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Grenbank UFO debris (photos)

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posted on Jan, 22 2012 @ 06:30 AM
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Before I get to the pics let me explain why I have these pics without a link to where i got them.

Lately I have been trying to remember the name to a book I read years ago, I remember being intriuged by the photo's in the book. well I just stumbled across it on-line "Alien honeycomb : the first solid evidence of UFOs"
written by John Pinkney and Leonard Ryzman.

The book has some great accounts of UFO sightings in Australia, and in particular it focused on the Greenbank UFO crash debris. and it includes some good photos of the debris. I was very happy that the full book is online and includes the pictures.
so I spend the next few hours reading over the story again.

Next I do a search on ATS and only found the case mentioned in an old thread or two, so I immediately start to put a thread together, first I download the pictures to my pc, than I go back to copy some quotes and the book is gone

I know it must be a coincedence and have been removed for copyright or some other mundane reason but it still freaked me out a liltle.
This is the link to where the book was posted www.scribd.com...
eta Please disregard ATS member IsaacKoi found the link for me www.scribd.com...

There is not much on the web I could find about the case, if anyone could add a good link it would be appreciated.

The debris was found on different times between 1968 to 1975 on a ranch in the Australian town of Greenbank by Jean Fraser. The debris material was widley thought to be normal aircraft debris, and it does look very man-made imo.
But this also asks some questions. What aircraft did this come from? wouldnt someone have missed this plane? or did it manage to continue flying with the apperant damage?
could it have been somthing else like a satillite or top secret military craft? Lenticular Reentry Vehicle (LRV) was even considered Lenticular Reentry Vehicle (LRV)
www.military.com...
There was reportedly a large amount of interest from the RAAF

heres what Bill Chalker says ufoupdateslist.com...

It's seems to have been a long time since this debris has been talked about, so i'd love to hear what the ATS members think the crashed debris might originate.

I'm sorry I cant add more information as most of it came from the book, but I'm sure someone will be able to find more on he original case.

here are the pics.

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edit on 22/1/12 by dadfortruth1 because: (no reason given)

edit on 22/1/12 by dadfortruth1 because: (no reason given)




posted on Jan, 22 2012 @ 06:34 AM
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Originally posted by dadfortruth1
Lately I have been trying to remember the name to a book I read years ago, I remember being intriuged by the photo's in the book. well I just stumbled across it on-line "Alien honeycomb : the first solid evidence of UFOs"
written by John Pinkney and Leonard Ryzman.
...

Next I do a search on ATS and only found the case mentioned in an old thread or two, so I immediately start to put a thread together, first I download the pictures to my pc, than I go back to copy some quotes and the book is gone

I know it must be a coincedence and have been removed for copyright or some other mundane reason but it still freaked me out a liltle.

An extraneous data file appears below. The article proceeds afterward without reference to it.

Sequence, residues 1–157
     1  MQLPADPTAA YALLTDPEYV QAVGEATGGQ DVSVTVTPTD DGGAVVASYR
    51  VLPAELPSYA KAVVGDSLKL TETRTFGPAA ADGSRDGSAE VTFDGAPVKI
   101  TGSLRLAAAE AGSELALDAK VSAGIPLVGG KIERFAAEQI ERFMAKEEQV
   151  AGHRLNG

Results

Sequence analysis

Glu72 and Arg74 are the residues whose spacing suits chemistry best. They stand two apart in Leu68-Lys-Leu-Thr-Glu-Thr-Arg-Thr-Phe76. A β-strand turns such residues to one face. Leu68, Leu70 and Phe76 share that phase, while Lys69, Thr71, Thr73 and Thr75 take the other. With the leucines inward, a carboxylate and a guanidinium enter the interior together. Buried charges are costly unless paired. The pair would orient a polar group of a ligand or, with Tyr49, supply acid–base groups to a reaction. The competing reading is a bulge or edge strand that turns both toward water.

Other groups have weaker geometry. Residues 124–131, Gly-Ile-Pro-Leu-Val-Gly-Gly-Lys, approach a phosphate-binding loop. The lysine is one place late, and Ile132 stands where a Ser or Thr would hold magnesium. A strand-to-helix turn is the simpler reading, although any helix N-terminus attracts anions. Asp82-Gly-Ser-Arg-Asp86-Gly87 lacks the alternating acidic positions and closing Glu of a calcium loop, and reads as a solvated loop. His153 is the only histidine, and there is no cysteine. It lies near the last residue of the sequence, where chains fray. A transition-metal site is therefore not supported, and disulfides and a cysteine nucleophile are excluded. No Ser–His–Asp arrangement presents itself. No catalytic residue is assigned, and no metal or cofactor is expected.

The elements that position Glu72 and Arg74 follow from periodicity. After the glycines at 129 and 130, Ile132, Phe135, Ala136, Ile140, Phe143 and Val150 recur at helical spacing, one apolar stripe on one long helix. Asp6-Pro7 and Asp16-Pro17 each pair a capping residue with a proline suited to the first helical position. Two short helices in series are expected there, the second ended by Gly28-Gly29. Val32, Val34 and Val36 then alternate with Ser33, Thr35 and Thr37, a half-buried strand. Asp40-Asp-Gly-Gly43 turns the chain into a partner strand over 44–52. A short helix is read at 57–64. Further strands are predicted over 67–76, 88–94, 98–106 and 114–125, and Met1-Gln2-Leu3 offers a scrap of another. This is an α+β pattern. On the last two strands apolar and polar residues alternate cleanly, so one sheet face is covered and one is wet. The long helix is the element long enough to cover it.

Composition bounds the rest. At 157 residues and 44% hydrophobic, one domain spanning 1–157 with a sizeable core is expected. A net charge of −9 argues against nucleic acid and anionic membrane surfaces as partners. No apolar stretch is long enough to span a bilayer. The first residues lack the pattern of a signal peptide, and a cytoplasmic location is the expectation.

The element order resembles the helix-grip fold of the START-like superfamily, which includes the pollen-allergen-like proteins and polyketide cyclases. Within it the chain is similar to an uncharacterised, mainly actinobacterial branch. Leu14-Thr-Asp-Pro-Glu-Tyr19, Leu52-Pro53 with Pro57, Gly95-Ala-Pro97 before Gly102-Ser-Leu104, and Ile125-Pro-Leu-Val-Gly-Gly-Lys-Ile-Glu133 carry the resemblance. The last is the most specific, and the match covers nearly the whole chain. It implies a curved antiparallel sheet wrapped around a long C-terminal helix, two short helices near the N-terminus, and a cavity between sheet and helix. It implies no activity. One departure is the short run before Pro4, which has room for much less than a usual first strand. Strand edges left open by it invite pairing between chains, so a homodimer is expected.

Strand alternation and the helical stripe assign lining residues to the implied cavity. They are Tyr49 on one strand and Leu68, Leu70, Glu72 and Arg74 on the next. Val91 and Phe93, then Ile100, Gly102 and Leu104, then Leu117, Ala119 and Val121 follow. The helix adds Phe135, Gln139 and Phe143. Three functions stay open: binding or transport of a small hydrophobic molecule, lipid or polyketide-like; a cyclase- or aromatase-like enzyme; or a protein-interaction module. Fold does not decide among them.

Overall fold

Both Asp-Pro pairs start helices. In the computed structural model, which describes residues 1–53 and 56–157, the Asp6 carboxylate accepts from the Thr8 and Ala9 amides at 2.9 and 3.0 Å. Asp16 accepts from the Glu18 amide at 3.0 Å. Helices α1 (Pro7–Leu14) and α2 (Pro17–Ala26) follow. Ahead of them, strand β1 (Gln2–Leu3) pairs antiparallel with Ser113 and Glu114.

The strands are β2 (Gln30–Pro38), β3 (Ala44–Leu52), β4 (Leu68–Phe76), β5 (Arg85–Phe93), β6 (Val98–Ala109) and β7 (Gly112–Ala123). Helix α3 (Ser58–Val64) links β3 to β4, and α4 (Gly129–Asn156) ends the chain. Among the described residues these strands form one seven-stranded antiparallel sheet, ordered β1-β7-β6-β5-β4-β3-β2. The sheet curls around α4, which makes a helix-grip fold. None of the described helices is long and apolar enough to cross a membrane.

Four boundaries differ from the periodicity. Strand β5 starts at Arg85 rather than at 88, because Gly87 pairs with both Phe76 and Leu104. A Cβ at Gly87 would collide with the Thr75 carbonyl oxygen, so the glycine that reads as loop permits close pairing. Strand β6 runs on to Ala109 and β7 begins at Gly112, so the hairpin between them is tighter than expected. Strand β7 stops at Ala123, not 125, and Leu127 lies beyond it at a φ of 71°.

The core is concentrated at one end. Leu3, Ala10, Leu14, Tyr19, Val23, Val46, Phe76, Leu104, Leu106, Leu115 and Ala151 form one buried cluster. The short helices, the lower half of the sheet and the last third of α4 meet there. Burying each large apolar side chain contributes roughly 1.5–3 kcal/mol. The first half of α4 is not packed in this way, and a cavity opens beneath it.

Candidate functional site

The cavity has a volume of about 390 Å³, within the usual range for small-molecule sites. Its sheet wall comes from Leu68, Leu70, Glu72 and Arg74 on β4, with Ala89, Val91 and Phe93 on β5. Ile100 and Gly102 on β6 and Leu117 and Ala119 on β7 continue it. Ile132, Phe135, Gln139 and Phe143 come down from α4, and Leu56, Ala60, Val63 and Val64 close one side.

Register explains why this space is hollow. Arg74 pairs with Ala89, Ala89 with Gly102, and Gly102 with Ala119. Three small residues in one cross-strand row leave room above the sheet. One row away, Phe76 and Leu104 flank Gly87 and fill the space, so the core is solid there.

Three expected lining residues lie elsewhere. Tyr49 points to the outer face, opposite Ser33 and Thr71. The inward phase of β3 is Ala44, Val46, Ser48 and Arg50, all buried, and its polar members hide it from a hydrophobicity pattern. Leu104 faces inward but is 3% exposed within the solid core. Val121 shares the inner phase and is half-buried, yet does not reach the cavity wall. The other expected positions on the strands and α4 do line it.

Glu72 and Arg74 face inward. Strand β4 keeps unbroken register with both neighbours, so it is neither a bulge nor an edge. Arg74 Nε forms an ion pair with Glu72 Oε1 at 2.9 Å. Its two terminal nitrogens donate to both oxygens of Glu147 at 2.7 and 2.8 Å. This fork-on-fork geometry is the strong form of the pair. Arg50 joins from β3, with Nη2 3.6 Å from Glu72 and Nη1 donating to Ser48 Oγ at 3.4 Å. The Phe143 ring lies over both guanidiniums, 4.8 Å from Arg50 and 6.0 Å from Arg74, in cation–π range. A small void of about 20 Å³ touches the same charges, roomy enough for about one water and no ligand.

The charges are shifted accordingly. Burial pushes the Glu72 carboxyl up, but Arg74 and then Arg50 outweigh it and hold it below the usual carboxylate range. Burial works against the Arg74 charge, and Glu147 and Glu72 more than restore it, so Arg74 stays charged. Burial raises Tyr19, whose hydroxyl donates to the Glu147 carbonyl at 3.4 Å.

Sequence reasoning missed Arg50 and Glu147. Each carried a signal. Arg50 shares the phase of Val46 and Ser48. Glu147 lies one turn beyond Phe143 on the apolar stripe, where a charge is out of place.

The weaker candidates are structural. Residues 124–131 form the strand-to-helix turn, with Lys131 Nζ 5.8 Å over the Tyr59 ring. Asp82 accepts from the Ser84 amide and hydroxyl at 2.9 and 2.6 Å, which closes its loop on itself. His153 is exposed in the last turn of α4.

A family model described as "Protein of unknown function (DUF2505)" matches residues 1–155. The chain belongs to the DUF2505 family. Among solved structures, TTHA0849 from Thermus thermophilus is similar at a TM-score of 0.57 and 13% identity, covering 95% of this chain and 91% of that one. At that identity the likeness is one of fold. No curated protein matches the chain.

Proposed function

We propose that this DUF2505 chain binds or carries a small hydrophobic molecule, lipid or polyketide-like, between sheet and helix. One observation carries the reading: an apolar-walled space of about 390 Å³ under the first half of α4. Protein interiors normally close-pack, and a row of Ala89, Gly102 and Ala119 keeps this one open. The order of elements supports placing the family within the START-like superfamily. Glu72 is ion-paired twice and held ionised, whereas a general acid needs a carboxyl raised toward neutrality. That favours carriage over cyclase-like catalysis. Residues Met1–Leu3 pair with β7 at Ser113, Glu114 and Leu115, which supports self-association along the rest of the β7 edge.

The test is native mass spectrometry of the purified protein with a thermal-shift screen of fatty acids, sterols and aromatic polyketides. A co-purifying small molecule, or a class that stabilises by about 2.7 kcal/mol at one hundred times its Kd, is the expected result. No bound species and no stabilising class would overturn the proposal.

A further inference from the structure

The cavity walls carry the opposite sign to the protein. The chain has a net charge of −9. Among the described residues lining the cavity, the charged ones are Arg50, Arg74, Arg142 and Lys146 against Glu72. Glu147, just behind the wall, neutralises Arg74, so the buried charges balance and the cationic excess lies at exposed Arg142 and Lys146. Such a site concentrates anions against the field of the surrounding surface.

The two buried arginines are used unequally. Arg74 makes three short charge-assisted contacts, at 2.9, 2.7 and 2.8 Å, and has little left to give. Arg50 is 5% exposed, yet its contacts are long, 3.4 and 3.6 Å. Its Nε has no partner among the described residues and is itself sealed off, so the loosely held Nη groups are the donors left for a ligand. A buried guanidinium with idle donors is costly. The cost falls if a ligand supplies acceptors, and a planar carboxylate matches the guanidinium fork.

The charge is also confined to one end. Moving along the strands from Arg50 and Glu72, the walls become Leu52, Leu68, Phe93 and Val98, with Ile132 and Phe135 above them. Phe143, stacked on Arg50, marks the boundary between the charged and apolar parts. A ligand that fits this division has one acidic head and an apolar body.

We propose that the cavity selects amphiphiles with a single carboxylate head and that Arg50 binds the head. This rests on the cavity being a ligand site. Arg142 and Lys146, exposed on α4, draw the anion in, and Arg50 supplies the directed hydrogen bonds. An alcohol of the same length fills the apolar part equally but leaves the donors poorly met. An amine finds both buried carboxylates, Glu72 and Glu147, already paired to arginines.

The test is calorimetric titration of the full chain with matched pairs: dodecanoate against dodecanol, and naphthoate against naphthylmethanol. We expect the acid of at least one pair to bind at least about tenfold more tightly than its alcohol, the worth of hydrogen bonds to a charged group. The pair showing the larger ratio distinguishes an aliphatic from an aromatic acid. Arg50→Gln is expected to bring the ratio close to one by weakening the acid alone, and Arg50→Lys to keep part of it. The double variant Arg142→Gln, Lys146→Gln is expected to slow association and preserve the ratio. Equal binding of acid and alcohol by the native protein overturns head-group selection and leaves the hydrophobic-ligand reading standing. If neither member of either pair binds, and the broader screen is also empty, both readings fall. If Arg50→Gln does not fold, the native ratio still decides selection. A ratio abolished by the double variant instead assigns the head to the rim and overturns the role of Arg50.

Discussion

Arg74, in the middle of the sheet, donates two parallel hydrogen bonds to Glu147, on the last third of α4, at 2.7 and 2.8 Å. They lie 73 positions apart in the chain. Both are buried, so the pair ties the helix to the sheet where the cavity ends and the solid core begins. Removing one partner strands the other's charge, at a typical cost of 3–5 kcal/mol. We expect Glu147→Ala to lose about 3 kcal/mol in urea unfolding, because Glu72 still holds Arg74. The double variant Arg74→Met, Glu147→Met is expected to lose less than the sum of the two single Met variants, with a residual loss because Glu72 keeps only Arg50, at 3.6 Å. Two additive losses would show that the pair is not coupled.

This is the link to where the book was posted www.scribd.com...



In fact, the book "Alien honeycomb : the first solid evidence of UFOs" by John Pinkney and Leonard Ryzman is still on Scribd.

See:

www.scribd.com...

In relation to analysis of the relevant "honeycomb" material, see also Bill Chalker's article at the link below in relation to this book:

www.project1947.com...

Bill's article included the following:



As an industrial chemist and someone who was promoting serious research into possible physical evidence for UFOs, I was interested in finding out more when the book first appeared. The authors did not assist independent research into their material. Based on visual assessments I had concluded the material was AEROWEB high strength honeycomb, some of which is made from fibreglass - a clearly human-sourced material. Soon other researchers,such as Paul Hebron, of UFO Research (Queensland), had acquired samples of the material from the site in question. A researcher working for sceptic Dick Smith received some of the "alien honeycomb" from the same person who provided the authors with their material. A clear relationship was established between this material and the material held by Pinkney and Ryzman. Dick Smith financed an analysis through Unisearch laboratories, and not surprisingly confirmed that the "alien honeycomb" was not so alien - it was fibreglass! So much for "the first solid evidence of UFOs." More compelling examples of unusual debris or material related to UFO events have been documented. However in this case it was clear that the material had nothing to do with UFOs.



edit on 22-1-2012 by IsaacKoi because: (no reason given)



posted on Jan, 22 2012 @ 06:34 AM
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That just looks like honeycomb from an old bee hive.



posted on Jan, 22 2012 @ 06:39 AM
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It would be interesting to find out if these various pieces of debris have been tested on by scientists but I would imagine due to the lack of information on this particular incident involving the possibility of UFO activity there hasn't been yet. There isn't a lot to go, even with pictures of the debris as they could be absolutely anything. Perhaps a resident expert could explain what they are.